Historical epics like Lawrence of Arabia, Gandhi, and Cleopatra tell us stories about people who changed history. Others–what I call passive epics–concentrate on people whose worlds are changed by the history happening around them. Gone With the Wind, Ben-Hur, and Dr. Zhivago fit into this category.
Luchino Visconti’s 1963 film The Leopard takes this passivity even further. The aristocratic, Sicilian protagonists live through a revolution that changes Italy’s government, but their lives are hardly effected, and certainly not for the worst. True, one young man becomes engaged to the daughter of a common-born but wealthy businessman, which would have been unthinkable a generation before. But that causes little conflict because its good for both familie, and besides, they love each other. Since they’re played by Alain Delon and Claudia Cardinale, how could they not?
My wife and I caught the new restoration of The Leopard at the Castro Sunday night.
Visconti was an aristocrat by birth but a Marxist by inclination. He clearly understood and sympathized with those born and raised to have absurd entitlement issues, and the film shows considerable nostalgia for the days of fancy balls and peasants who knew their place. But it also understands why this type of life had to go away.
I must admit that I know nothing about the revolution, set at around the same time as our Civil War, portrayed here. I’ll probably look it up and read a bit about it soon.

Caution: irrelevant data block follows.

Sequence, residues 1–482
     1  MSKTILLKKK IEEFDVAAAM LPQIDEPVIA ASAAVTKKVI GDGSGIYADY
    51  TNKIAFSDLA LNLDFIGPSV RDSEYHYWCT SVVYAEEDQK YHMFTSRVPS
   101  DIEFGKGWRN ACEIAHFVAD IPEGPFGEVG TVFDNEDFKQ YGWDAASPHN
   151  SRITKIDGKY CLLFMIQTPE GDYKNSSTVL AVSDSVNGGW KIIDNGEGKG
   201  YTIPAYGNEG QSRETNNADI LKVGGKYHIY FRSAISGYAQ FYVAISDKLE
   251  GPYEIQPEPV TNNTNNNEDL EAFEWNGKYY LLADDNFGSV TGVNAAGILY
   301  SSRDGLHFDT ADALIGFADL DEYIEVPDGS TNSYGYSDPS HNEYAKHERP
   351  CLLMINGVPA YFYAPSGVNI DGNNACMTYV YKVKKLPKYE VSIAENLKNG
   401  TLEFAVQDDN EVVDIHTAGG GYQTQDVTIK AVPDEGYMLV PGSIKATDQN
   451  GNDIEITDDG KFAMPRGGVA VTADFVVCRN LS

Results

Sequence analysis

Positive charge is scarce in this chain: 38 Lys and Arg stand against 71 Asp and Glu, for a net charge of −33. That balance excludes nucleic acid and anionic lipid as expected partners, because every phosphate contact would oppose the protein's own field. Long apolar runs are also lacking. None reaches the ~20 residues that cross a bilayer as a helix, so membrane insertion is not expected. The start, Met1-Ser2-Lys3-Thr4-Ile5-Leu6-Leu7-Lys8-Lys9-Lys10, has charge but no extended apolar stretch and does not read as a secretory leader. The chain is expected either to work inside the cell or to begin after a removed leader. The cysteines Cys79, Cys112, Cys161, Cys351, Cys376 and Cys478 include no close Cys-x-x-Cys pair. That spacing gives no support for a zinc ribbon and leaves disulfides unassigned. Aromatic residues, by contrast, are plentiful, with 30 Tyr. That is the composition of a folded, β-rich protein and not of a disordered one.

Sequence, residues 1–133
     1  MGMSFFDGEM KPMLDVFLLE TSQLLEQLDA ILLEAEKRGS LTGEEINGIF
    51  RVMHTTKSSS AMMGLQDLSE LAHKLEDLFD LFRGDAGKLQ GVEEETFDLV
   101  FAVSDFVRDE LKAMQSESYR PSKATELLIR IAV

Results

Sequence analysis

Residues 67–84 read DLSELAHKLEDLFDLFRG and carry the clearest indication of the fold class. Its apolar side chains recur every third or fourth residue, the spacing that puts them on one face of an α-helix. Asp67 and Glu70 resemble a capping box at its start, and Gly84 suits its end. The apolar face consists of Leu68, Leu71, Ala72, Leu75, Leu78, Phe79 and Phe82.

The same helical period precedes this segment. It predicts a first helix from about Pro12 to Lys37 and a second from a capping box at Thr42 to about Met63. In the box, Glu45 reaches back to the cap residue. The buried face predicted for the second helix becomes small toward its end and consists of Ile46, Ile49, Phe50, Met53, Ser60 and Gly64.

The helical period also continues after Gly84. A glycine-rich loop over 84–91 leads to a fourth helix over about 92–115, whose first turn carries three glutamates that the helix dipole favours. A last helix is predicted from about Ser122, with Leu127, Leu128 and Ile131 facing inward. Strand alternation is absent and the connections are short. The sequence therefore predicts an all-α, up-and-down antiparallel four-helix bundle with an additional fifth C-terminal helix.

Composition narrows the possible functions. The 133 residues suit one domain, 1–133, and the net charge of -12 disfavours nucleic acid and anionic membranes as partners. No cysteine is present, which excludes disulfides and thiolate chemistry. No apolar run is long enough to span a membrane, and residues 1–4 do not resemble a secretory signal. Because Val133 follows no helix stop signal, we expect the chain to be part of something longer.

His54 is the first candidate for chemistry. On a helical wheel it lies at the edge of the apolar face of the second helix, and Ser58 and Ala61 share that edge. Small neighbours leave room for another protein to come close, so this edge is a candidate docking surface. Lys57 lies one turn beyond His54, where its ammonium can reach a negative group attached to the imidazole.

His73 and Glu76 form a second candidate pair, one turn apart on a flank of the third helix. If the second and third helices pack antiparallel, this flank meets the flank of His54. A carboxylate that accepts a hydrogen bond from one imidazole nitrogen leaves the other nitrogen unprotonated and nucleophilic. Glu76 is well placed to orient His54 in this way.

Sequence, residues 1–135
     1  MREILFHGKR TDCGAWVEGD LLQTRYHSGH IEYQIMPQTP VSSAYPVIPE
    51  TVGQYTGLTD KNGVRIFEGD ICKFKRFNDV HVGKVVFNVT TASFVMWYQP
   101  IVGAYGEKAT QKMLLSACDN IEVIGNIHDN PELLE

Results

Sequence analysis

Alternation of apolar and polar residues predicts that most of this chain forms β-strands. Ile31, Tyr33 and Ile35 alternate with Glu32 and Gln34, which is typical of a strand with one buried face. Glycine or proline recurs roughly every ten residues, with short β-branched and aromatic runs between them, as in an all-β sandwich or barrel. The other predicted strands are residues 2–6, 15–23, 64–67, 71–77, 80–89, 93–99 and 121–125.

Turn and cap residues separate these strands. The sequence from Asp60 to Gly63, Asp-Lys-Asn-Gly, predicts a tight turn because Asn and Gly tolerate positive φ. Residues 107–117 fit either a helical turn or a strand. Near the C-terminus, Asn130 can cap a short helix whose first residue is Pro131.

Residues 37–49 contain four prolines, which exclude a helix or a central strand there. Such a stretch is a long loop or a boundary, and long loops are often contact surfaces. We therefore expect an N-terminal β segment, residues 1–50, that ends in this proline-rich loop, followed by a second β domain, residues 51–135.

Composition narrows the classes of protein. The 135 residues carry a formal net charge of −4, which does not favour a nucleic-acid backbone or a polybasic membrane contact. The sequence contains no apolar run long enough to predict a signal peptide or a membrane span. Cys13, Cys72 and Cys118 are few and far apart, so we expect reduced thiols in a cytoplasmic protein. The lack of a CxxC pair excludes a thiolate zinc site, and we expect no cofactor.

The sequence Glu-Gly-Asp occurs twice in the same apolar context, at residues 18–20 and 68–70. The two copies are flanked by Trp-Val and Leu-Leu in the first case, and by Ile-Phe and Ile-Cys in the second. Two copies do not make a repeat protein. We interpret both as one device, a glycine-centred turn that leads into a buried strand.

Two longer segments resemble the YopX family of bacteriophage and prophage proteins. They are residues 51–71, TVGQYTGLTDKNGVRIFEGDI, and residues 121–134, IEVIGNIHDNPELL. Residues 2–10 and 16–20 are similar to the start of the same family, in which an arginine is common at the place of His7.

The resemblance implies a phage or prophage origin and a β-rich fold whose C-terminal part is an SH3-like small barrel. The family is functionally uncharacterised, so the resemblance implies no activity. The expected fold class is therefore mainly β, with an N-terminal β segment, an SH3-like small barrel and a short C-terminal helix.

For a three-hour film where almost nothing happens, The Leopard is remarkably spell-binding. The visuals help immensely. The film was shot in Technirama, the same large-frame, widescreen format used for Sparticus and The Big Country. This yields a fine-grain image with exceptionally saturated colors–perfect for beautiful rooms, ballroom dances, and one well-staged battle scene.
With its baroque proscenium and large screen, the Castro was the perfect place to experience this massive film.
Burt Lancaster’s lead performance as the family patriarch centered the film and held everything together. The producers cast Lancaster against Visconti’s wishes, but the director soon accepted the wisdom of their choice. Even robbed of his voice (his lines were dubbed into Italian), Lancaster gives a brilliant performance–one of the best of an distinguished career. His character is strong but aging, a man who takes charge of everyone and every situation as if it’s second nature. But he’s painfully aware that neither he nor his way of life, both of which survive this revolution, can last forever.
Few stars since the talkie revolution have had as strong a physical presence as Lancaster, or as expressive a face. Initially, the disconnect between Lancaster’s face and someone else’s voice threw me off, but not for long. Whoever dubbed him into Italian did a good job.
The Leopard is a big, bold film about people barely touched by momentous events. It’s graceful in design and shows great sympathy for its flawed characters. I enjoyed it immensely, but I also left the theater wondering whether there was a point to it. After all, if the Communists had allowed Zhivago to maintain his practice unchanged, and he continued to enjoy both his wife and Lara, would we care about him?
The Leopard continues at the Castro today (Monday).